In the last issue of the Journal, Crump and Sugarman, on behalf of the Working Group on Ethics Guidelines for Global Health Training,1 propose a set of ethics and best practice guidelines for training experiences in global health. The manuscript acknowledges the issues of reciprocity and long-term partnerships between developed and developing country partners. However, global health training, as the manuscript reflects, is still focused on training students from rich countries (paying high tuition fees to their institutions), and not quite contributing to leverage the underlying disparities.
We want to comment on the important issue of bi-directionality, introduced early on page 1179 (“Although the guidelines are predominantly focused on ethical issues for programs sending trainees from wealthier to less wealthy settings, many of the principals also apply to bi-directional trainee exchanges”) and not further elaborated in the paper. As health researchers living and working in a developing—less wealthy, less developed, under-resourced, or poorer—country, we have to disagree with such a limited conception. If the goal is to maximize benefit for every party involved—assumedly this is precisely why it is called global health—then these guidelines and their potential impact will probably be very limited. The proposed guidelines basically disregard the big challenges (mainly economical) and great potential advantages of bi-directional flow of trainees. Furthermore, scarce consideration has been given to South-South training exchanges, which could be more culturally appropriate. We hope this comment can contribute to give more consideration and support to the North-South, South-North, and South-South flows of trainees, in the settings of real “global” health.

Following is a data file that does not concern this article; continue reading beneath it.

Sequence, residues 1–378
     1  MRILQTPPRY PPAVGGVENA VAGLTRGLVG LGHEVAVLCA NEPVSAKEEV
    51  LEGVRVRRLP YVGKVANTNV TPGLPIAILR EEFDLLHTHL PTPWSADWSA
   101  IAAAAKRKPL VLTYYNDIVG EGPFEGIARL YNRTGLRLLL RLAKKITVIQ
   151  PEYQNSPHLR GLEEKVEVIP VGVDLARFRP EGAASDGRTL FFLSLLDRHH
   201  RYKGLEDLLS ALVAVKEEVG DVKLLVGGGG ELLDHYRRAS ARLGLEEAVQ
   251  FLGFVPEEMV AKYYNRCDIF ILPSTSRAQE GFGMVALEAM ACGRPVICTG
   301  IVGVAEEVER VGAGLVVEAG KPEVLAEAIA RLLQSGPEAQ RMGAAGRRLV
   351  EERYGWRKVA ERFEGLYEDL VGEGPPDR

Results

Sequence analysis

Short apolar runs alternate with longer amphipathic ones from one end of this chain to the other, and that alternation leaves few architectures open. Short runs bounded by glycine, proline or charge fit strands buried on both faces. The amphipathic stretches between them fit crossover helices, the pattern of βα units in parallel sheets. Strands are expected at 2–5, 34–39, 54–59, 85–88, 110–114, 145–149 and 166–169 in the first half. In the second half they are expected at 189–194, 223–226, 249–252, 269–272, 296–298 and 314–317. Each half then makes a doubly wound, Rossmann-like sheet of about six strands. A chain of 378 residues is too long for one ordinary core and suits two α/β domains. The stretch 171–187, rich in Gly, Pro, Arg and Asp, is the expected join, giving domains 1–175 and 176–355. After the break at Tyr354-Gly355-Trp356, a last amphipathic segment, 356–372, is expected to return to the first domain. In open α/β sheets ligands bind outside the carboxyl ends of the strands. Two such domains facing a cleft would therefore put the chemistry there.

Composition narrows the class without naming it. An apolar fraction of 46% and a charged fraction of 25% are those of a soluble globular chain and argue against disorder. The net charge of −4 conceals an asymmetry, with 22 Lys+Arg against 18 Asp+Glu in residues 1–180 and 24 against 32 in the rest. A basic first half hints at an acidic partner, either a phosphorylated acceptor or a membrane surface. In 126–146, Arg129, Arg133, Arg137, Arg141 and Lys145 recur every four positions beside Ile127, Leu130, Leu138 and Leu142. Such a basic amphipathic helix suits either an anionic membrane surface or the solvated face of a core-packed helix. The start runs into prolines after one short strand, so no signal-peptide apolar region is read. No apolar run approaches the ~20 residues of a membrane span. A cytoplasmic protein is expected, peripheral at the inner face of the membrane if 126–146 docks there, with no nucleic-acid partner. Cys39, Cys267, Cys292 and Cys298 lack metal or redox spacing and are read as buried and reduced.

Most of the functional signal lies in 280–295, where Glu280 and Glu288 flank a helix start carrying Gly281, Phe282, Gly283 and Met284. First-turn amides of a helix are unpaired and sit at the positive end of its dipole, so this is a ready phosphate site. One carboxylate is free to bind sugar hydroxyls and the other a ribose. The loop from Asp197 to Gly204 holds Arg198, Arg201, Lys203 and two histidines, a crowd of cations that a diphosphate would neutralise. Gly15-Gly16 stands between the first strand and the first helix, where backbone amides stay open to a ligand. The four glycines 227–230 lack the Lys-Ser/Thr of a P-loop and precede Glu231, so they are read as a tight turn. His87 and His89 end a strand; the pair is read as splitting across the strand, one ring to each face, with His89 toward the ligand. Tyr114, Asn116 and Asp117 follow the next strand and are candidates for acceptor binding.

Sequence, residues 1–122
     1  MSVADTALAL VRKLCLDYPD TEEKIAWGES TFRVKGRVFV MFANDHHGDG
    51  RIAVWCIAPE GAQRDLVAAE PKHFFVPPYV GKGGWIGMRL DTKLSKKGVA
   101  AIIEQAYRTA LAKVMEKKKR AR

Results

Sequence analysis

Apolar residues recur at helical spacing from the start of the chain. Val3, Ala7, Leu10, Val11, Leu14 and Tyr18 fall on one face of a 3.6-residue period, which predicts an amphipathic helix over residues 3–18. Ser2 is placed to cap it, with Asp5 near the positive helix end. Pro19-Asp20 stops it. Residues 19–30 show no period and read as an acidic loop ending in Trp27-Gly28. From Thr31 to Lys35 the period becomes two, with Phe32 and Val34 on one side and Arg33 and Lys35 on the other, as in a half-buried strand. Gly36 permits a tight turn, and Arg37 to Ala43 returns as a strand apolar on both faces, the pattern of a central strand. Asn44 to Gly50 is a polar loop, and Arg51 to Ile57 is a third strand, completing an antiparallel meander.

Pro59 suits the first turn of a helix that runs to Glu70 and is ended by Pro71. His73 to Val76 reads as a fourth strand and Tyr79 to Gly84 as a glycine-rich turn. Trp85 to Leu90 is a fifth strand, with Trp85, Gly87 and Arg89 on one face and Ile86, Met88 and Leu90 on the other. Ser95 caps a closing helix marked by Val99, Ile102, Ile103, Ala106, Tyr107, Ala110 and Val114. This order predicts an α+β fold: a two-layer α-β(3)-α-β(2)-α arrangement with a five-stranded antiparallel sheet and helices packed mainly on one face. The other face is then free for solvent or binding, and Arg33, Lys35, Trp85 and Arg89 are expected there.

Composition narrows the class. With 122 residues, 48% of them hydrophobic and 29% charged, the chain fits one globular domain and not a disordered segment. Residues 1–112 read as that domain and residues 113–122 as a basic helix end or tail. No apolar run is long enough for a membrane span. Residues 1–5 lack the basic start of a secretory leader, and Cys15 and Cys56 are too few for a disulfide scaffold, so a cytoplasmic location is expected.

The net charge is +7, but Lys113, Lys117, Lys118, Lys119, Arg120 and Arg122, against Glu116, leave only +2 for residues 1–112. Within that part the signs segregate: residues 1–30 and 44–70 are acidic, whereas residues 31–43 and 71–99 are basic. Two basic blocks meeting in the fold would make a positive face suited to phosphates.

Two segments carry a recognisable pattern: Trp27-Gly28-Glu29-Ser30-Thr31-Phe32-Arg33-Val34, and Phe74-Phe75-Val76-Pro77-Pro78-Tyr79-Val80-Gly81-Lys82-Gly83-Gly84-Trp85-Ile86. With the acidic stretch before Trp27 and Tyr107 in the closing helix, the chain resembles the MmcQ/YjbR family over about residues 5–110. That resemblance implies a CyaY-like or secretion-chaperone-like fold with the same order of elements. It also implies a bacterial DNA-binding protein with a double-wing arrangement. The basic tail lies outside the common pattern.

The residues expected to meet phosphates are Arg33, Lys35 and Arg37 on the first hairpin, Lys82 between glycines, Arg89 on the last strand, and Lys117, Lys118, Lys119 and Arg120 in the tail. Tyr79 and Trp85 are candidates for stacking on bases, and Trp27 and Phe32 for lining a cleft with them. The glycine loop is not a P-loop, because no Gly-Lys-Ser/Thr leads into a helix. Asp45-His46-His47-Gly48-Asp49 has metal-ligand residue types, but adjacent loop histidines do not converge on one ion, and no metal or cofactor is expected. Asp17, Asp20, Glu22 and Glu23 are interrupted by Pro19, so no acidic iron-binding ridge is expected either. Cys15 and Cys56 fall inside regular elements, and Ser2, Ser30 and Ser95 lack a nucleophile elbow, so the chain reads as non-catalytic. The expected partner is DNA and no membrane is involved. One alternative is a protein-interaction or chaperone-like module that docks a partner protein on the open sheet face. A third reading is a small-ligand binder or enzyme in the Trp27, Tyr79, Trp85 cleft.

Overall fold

Crump JA, Sugarman J, and the Working Group on Ethics Guidelines for Global Health Training (WEIGHT), 2010. Ethics and best practice guidelines for training experiences in global health. Am J Trop Med Hyg 83: 1178–1182.